Linux and Unix passwd command
Changes a user's password.
passwd [options] [LOGIN]
The passwd command changes passwords for user accounts. A normal user may only change the password for his or her own account, while the superuser may change the password for any account. passwd also changes the account or associated password validity period.
The user is first prompted for his/her old password, if one is present. This password is then encrypted and compared against the stored password. The user has only one chance to enter the correct password. The superuser is permitted to bypass this step so that forgotten passwords may be changed.
After the password has been entered, password aging information is checked to see if the user is permitted to change the password at this time. If not, passwd refuses to change the password and exits.
The user is then prompted twice for a replacement password. The second entry is compared against the first and both are required to match in order for the password to be changed.
Then, the password is tested for complexity. As a general guideline, passwords should consist of 6 to 8 characters including one or more characters from each of the following sets:
passwd will reject any password which is not suitably complex.
The security of a password depends upon the strength of the encryption algorithm and the size of the key space. The legacy UNIX System encryption method is based on the NBS DES algorithm. More recent methods are now recommended when setting up password encryption on a system. The size of the key space depends upon the randomness of the password which is selected.
Compromises in password security normally result from careless password selection or handling. For this reason, you should not select a password which appears in a dictionary or which must be written down. The password should also not be a proper name, your license number, birth date, or street address. Any of these may be used as guesses to violate system security.
|-a, --all||This option can be used only with -S and causes show status for all users.|
|-d, --delete||Delete a user's password (make it empty). This is a quick way to disable a password for an account. It will set the named account passwordless.|
|-e, --expire||Immediately expire an account's password. This in effect can force a user to change his/her password at the user's next login.|
|-h, --help||Display a help message, and exit.|
|-i, --inactive INACTIVE||This option is used to disable an account after the password has been expired for a number of days. After a user account has had an expired password for INACTIVE days, the user may no longer sign on to the account.|
|-k, --keep-tokens||Indicate password change should be performed only for expired authentication tokens (passwords). The user wishes to keep their non-expired tokens as before.|
|-l, --lock||Lock the password of the named account. This option disables a password by changing it to a value which matches no possible encrypted value (it adds a "!" at the beginning of the password). |
Note that this does not disable the account. The user may still be able to login using another authentication token (an SSH key, for example). To disable the account, administrators should use usermod --expiredate 1 (this sets the account's expire date to Jan 2, 1970).
Users with a locked password are not allowed to change their password.
|-n, --mindays MIN_DAYS||Set the minimum number of days between password changes to MIN_DAYS. A value of zero for this field indicates that the user may change his/her password at any time.|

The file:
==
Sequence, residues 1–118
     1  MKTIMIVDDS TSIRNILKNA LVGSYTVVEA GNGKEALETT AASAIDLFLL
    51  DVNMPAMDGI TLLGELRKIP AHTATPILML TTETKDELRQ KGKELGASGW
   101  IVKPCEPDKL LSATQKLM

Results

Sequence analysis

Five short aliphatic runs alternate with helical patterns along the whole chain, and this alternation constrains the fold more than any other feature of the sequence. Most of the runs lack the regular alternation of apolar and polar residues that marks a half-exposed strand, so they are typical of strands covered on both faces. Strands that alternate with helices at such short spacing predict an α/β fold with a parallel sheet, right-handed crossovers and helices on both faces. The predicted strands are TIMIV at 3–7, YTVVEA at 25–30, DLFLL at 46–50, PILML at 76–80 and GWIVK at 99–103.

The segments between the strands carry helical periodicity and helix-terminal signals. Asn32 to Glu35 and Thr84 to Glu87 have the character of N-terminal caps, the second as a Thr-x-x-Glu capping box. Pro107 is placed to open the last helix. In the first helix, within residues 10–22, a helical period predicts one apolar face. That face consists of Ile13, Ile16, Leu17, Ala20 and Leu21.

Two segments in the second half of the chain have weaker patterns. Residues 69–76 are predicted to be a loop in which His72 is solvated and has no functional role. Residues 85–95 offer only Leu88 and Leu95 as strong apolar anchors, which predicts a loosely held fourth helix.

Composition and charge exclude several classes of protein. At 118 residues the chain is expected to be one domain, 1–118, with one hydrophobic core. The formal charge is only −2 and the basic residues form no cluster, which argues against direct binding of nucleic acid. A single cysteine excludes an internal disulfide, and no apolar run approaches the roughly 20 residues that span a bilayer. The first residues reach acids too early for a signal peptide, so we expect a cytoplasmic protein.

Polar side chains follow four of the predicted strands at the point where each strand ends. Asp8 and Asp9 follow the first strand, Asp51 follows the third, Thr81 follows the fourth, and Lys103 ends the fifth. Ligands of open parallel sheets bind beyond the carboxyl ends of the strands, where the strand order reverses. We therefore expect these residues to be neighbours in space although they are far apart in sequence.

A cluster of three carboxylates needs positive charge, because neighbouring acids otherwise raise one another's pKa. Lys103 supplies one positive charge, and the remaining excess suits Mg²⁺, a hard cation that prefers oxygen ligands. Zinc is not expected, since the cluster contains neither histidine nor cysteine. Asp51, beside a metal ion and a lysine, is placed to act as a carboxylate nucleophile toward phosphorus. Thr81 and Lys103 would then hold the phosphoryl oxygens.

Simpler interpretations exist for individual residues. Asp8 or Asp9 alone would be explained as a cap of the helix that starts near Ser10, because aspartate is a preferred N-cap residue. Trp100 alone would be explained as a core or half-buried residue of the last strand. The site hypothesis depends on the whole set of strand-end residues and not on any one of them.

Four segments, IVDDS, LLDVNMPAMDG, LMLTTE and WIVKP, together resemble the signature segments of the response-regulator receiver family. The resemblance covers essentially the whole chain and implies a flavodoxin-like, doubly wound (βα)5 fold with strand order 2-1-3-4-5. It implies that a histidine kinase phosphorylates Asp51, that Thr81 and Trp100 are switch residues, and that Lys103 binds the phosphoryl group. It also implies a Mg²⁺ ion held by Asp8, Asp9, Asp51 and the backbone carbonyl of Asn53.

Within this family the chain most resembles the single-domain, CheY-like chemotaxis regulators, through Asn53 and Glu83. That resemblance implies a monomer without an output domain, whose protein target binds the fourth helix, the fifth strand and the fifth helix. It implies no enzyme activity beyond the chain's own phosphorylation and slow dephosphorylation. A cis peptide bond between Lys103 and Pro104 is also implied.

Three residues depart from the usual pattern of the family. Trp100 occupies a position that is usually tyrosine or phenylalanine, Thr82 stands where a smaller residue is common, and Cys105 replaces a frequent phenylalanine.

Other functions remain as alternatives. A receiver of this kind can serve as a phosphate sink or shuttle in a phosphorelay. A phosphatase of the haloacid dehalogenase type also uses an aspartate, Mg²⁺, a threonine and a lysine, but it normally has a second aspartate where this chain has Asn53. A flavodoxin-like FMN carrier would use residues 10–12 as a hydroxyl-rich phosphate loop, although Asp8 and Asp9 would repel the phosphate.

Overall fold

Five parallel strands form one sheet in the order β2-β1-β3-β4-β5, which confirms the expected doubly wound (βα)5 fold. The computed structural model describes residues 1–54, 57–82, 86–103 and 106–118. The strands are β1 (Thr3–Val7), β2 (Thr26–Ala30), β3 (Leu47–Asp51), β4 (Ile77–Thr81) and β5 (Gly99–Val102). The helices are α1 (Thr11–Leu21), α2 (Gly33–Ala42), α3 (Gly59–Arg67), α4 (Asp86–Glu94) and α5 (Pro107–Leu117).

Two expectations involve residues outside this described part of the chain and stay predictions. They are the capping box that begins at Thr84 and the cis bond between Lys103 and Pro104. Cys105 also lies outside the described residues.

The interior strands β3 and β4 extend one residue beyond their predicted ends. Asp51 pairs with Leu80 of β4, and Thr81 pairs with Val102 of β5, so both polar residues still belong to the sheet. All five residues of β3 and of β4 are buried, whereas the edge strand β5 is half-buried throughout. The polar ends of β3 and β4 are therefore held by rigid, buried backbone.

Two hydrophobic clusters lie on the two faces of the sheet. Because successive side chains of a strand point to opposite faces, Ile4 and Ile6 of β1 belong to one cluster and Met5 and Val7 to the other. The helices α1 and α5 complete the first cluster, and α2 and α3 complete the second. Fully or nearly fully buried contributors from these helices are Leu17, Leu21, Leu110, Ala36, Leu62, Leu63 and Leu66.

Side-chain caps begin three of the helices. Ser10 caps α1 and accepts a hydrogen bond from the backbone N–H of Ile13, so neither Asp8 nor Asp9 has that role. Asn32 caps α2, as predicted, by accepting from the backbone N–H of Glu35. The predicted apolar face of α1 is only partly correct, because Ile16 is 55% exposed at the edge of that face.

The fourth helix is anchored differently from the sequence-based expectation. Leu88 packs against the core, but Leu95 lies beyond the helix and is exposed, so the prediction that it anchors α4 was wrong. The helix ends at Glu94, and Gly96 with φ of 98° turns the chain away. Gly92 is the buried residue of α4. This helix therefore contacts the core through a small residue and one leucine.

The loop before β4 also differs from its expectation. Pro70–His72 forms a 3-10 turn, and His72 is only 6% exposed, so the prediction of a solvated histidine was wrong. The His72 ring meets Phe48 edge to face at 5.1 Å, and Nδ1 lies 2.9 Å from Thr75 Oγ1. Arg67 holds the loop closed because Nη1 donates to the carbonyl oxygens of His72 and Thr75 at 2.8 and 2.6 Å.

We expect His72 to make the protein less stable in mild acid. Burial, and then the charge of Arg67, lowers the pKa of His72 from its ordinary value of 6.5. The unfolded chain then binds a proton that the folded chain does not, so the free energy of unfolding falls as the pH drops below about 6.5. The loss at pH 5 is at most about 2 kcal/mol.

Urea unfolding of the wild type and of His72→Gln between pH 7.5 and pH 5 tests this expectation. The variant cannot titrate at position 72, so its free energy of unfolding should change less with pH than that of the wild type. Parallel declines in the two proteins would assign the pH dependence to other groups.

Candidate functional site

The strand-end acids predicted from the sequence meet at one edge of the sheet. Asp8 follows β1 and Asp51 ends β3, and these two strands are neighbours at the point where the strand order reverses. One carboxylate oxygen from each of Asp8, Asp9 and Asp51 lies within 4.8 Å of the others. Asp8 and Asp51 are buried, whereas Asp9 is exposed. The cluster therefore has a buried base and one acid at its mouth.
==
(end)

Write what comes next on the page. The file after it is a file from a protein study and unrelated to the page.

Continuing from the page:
|-q, --quiet||Quiet mode; operate without displaying any output.|
|-r, --repository REPOSITORY||Change password in repository REPOSITORY.|
|-R, --root CHROOT_DIR||Apply changes in the chroot directory CHROOT_DIR and use the configuration files from the CHROOT_DIR directory.|
|-S, --status||Display account status information. The status information consists of 7 fields. The first field is the user's login name. The second field indicates if the user account has a locked password (L), has no password (NP), or has a usable password (P). The third field gives the date of the last password change. The next four fields are the minimum age, maximum age, warning period, and inactivity period for the password. These ages are expressed in days.|
|-u, --unlock||Unlock the password of the named account. This option re-enables a password by changing the password back to its previous value (to the value before using the -l option).|
|-w, --warndays WARN_DAYS||Set the number of days of warning before a password change is required. The WARN_DAYS option is the number of days prior to the password expiring that a user will be warned that his/her password is about to expire.|
|-x, --maxdays MAX_DAYS||Set the maximum number of days a password remains valid. After MAX_DAYS, the password is required to be changed.|
Password complexity checking may vary from site to site. The user is urged to select a password as complex as he or she feels comfortable with.
Users may not be able to change their password on a system if NIS is enabled and they are not logged into the NIS server.
passwd uses PAM (pluggable authentication module) to authenticate users and to change their passwords.
|/etc/passwd||User account information.|
|/etc/shadow||Secure user account information.|
|/etc/pam.d/passwd||PAM configuration for passwd.|
passwd exits with one of the following status codes, depending on what occurred:
|2||Invalid combination of options.|
|3||Unexpected failure; nothing done.|
|4||Unexpected failure; passwd file missing.|
|5||passwd file busy; try again.|
|6||Invalid argument to one or more options.|
Change your own password.
Change the password for user username.